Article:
The low carbohydrate (low-carb) diet seems to be the latest fad. It is estimated by The Times magazine that nearly 1,558 low-carb products have been introduced in the US alone, in the last two years, with estimated sales of more than $30 billion a year. There are hundreds of other low fat, high-protein, diets that not only ruin one’s health but also increase anxiety levels. It is not what one eats that kills but one’s negative thoughts, the very heavy mental flab that kills. The overwhelming evidence points to the primacy of the mind in the causation of all killer diseases. Obesity is no exception.
Many of us overeat when we are depressed and/ or not happy. Similarly, many people lose weight and find it difficult to eat when they are troubled by extreme anxiety and guilt. While modern medical science says: “you are what you eat,” the science of spirituality says: “you are what you think.” This wisdom is the essence of Ayurveda that has existed for centuries. The bija mantra, the foundation of Ayurveda, is: “Prasanna aathma indriya manaha, swastha ithyabhideeyathe.” As long as the mind is free from all the dangerous negative thoughts and is filled with universal love, good health will be guaranteed. Patanjali’s Yoga Shastra, with its advocacy of the sattvic diet and chitta vritti nirodhah (control over ones greedy desires), would be the ideal recipe for an ideal body weight and good health.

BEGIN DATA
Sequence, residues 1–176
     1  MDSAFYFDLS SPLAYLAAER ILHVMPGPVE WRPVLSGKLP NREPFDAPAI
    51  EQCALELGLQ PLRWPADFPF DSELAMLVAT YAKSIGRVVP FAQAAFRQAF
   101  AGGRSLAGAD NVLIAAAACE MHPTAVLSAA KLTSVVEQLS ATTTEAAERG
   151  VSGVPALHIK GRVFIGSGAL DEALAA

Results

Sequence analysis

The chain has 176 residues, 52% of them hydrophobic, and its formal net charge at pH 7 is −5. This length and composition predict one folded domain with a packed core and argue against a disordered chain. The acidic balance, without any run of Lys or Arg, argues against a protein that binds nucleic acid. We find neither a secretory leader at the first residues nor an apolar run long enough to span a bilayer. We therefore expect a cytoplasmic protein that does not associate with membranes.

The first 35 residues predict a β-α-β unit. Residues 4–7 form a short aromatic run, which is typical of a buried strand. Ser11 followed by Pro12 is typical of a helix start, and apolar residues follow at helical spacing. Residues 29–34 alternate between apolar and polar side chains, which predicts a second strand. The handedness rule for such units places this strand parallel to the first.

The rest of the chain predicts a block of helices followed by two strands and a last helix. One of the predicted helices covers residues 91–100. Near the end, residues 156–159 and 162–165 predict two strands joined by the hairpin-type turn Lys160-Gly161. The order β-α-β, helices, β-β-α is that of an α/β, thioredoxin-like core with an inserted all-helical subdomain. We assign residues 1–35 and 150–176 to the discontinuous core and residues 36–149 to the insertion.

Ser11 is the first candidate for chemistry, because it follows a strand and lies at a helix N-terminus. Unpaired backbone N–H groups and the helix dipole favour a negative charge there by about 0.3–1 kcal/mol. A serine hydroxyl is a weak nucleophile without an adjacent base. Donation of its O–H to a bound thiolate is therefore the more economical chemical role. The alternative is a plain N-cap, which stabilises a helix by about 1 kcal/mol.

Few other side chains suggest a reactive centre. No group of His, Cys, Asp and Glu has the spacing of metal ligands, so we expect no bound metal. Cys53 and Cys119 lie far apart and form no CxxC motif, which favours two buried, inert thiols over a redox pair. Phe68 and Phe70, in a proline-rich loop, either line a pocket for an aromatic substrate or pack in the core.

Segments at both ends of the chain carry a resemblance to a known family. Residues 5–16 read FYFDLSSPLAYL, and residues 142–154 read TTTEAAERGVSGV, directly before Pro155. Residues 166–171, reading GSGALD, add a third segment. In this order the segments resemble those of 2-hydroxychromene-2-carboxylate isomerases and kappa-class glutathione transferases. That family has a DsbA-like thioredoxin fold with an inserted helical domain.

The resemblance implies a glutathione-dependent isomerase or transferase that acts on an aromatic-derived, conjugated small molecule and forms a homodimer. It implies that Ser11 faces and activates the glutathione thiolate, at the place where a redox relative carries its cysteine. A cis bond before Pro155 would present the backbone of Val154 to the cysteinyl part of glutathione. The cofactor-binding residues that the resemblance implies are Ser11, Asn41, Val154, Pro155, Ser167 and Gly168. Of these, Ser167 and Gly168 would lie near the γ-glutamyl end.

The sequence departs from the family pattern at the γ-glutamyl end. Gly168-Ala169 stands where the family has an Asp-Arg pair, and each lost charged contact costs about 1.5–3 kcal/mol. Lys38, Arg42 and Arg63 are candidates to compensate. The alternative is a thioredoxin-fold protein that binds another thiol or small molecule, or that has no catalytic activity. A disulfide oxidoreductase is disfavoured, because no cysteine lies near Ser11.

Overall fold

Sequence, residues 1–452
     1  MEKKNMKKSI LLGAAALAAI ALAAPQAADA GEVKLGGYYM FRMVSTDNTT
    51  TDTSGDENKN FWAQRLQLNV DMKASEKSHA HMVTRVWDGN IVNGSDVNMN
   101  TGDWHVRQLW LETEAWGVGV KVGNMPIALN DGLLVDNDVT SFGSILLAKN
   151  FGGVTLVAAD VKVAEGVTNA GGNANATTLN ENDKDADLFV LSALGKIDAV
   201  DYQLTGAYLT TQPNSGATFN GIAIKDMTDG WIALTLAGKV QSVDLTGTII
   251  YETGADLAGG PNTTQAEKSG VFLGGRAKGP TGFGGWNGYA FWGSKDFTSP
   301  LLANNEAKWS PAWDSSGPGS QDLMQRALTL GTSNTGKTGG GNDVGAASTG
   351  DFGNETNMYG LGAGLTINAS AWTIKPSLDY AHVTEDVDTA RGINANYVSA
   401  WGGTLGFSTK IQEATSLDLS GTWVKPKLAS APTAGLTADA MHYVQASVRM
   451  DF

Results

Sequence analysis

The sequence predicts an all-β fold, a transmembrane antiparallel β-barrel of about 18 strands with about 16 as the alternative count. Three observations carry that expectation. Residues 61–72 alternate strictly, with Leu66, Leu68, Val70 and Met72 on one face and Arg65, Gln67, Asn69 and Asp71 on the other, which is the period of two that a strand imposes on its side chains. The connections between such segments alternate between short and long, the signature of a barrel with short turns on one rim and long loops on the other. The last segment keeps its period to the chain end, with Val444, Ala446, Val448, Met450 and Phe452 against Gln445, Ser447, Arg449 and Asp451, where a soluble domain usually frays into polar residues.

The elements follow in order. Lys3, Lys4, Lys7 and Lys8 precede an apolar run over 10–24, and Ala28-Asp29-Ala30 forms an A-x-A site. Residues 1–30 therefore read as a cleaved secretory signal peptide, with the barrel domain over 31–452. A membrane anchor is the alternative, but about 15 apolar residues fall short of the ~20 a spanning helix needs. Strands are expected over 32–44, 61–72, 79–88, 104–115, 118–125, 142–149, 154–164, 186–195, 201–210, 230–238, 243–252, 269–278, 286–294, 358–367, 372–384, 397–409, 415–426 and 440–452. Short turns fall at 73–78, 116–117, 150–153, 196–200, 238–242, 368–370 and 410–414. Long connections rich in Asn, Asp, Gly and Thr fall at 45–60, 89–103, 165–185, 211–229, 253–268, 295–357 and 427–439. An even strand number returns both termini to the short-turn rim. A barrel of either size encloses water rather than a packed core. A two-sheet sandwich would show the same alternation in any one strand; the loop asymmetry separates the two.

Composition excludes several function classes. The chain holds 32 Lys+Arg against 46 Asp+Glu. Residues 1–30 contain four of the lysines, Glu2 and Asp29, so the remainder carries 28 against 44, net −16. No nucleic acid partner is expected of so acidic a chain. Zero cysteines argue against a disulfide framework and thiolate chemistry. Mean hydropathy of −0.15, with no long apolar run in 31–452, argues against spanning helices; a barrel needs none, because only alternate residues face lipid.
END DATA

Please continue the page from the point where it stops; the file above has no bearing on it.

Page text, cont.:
Mary Baker Eddy wrote a treatise Science and Health with Key to the Scriptures wherein she quotes extensively from the Bible. In Luke's Gospel, Jesus says, "Do not worry about your life, what you will eat; or about your body, what you will wear. Life is more than food, and the body more than clothes." This counsel about food anxiety sounds extraordinarily contemporary. The Bible talks about the inner hunger for spiritual satisfaction that might be at the root of either overeating or self-starvation. It is the mental obesity that manifests as physical obesity. The holistic approach to obesity starts with spiritual management. That, when coupled with a sensible simple diet, would cure obesity permanently.
“Feast on giving. Happiness consists in being and in doing good….only what God gives, and what we give ourselves and others through His tenure, confers happiness: conscious worth satisfies the hungry heart, and nothing else can," writes Mary Baker Eddy. “We can dine on the reality that we are God’s own children,” wrote the Christian Science Monitor. Inquest Foundation, Bangalore is spreading the message of obesity management through spiritual means without the crazy diets and weight-reducing gadgets.
The message in Verse 96, in Sura V, of the Holy Quran is that food is less important for human health than righteousness.
In short, all the scriptures proclaim that it is the man’s mind with his awareness of his higher duties to God’s creations that determines one’s happiness or ill health. If one unloads the mind of all destructive negative thoughts and makes sensible changes in life style, then one quickly realises that not only obesity but all other physical illnesses will get corrected. While there is no pill for every ill, every pill has an ill following its prolonged use.
(Professor Dr BM Hegde, a Padma Bhushan awardee in 2010, is an MD, PhD, FRCP (London, Edinburgh, Glasgow & Dublin), FACC and FAMS. He is also Editor-in-Chief of the Journal of the Science of Healing Outcomes, chairman of the State Health Society's Expert Committee, Govt of Bihar, Patna. He is former Vice Chancellor of Manipal University at Mangalore and former professor for Cardiology of the Middlesex Hospital Medical School, University of London.)